While COVID-19 news continues to dominate the headlines, the government is busy preparing its Data Strategy for Health and Social Care. This, it says, "will set the direction for the use of data in a post-pandemic healthcare system".
This could be a good thing. Patient groups have long argued for better access to electronic health records. 'Big data' can be an effective driver for better understanding of diseases and treatments: the latest and best example is, of course, the testing and roll-out of the COVID-19 vaccines. Person-centred care should also be based on a thorough understanding of patient experience - and data from patient feedback can (if well managed) help with that.
At the same time, big data in healthcare is not without risk. This House of Commons Library report includes some lessons from recent history - not all of which inspire confidence in the state's ability to safeguard personal health data. One example was the NHS investigation that found that none of the 80 NHS Trusts affected by the 2017 WannaCry ransomware attack had applied an advised Microsoft patch update.
The government's understanding of the need to improve NHS data handling is evidenced by the setting up of NHSX whose job is to - guess what? - "transform" digital health and social care. Unfortunately, its website's home page follows a very untransformed NHS tradition of being out of date, with news that it will be engaging on a tech plan for health and care throughout, er… Spring and Summer 2020.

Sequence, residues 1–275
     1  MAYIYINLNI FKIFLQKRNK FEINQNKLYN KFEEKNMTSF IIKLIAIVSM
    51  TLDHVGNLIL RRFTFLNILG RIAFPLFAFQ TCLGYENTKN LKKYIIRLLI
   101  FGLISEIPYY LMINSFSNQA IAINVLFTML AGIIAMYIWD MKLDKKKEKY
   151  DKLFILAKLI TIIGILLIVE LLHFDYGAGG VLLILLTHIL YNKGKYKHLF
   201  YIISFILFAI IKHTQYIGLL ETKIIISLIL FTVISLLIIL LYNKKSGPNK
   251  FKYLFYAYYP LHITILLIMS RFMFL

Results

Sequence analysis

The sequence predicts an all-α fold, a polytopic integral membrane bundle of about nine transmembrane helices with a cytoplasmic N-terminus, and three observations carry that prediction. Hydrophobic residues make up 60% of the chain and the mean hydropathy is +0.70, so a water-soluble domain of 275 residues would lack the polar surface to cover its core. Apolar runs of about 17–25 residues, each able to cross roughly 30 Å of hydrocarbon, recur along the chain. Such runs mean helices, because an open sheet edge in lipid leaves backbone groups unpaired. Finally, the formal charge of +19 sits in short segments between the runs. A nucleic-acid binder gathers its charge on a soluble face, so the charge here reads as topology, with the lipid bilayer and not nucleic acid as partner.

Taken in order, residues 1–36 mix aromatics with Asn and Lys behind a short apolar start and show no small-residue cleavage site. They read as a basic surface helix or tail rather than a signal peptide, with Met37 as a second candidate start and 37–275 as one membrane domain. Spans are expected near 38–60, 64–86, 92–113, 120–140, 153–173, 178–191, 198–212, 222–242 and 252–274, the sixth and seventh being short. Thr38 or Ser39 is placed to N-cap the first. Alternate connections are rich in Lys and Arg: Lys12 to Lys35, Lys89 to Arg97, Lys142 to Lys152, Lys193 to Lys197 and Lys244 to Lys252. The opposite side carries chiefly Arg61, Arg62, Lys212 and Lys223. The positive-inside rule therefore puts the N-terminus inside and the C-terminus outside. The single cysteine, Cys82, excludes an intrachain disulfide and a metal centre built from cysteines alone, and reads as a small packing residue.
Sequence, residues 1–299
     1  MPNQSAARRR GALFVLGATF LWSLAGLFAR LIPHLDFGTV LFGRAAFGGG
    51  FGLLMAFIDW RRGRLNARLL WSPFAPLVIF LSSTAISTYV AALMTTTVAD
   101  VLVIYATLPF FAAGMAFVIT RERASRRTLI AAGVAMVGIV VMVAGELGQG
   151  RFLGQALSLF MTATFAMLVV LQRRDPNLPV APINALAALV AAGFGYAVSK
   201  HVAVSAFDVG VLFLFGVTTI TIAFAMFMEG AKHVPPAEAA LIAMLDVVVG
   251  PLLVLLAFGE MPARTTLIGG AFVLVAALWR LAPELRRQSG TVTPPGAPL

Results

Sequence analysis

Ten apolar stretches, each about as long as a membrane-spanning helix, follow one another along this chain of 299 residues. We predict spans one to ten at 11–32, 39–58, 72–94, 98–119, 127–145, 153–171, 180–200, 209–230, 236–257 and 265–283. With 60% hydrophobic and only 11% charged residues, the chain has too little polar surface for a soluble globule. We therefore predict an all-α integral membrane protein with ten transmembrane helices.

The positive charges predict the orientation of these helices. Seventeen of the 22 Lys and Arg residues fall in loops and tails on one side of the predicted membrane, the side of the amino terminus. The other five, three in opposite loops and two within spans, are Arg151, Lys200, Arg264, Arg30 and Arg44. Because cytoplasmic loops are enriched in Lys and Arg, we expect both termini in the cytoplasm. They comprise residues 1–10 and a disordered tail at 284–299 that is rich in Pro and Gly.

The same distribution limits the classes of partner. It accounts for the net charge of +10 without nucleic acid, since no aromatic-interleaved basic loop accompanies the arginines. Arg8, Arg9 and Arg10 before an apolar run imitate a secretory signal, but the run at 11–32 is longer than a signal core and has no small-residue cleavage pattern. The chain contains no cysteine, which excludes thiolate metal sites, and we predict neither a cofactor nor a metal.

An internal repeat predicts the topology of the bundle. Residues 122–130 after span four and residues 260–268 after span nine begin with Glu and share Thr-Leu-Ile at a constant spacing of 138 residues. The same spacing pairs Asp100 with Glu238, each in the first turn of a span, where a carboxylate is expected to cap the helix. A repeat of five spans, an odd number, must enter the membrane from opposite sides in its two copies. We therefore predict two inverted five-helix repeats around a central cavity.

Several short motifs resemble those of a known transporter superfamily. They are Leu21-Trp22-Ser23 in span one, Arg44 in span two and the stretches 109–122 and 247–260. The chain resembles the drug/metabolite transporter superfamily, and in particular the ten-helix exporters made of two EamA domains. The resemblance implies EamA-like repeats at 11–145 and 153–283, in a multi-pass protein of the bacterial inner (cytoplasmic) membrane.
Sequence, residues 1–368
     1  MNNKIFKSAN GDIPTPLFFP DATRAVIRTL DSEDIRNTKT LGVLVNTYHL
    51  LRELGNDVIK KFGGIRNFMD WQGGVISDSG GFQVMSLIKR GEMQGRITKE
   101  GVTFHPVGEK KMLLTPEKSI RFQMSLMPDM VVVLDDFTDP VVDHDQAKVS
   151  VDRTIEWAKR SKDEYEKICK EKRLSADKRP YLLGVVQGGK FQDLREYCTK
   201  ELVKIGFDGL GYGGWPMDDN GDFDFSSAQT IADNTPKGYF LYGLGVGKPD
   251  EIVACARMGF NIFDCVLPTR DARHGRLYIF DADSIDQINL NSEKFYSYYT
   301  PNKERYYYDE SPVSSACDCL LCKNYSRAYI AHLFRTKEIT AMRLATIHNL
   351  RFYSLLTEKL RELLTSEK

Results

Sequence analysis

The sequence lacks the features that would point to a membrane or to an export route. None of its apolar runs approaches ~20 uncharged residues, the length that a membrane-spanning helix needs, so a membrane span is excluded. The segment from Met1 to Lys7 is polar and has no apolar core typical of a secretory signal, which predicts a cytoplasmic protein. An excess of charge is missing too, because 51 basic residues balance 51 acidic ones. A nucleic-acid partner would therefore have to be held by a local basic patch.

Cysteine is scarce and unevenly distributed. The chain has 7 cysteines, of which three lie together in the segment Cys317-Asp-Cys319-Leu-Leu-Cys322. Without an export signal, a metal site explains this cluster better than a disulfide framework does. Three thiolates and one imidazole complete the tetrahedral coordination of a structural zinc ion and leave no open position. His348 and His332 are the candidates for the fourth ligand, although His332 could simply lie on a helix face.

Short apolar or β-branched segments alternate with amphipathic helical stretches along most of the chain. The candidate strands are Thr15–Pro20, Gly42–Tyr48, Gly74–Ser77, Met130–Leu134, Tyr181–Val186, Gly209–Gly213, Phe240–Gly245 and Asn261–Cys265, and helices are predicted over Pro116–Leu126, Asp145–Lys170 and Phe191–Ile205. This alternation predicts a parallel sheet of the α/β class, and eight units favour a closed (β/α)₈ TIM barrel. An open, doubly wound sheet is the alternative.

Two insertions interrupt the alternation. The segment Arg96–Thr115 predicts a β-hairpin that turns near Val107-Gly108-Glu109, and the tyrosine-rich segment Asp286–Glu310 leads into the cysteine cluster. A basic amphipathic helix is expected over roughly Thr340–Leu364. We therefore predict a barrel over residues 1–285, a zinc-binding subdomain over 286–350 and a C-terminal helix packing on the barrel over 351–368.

To prepare the way for the new strategy, Dr Ben Goldacre is leading a review. The terms of reference, available here, do not seem overly patient-centred. The first point, for example, is "How do we facilitate access to NHS data by researchers, commissioners, and innovators…?" It does not mention facilitating access to NHS data for patients.
To be fair, the review invites "expert patient & public representatives" to a focus group on 19 March 2021. But it then shoots itself in the foot by requiring people seeking admission to "put your job title and org".
Whatever happens with the strategy, patient experience, and patient voice need to be central. Patients are, after all, the source of the data. But much of their feedback - churned through the data mills of the Friends and Family Test and the national patient surveys - is incomprehensible to staff and patients alike. Repeated studies have shown that our "person-centred" healthcare system doesn't really understand patient experience data.
A data strategy for health and social care could easily get carried away with the excitements of things like artificial intelligence and commercial data mining. It needs, however, to be grounded in the day to day reality of patient experience and person-centred care. Sorting out the long-standing muddle in patient experience data would be a good place to start.
(Note: The review welcomes written feedback via email to firstname.lastname@example.org.)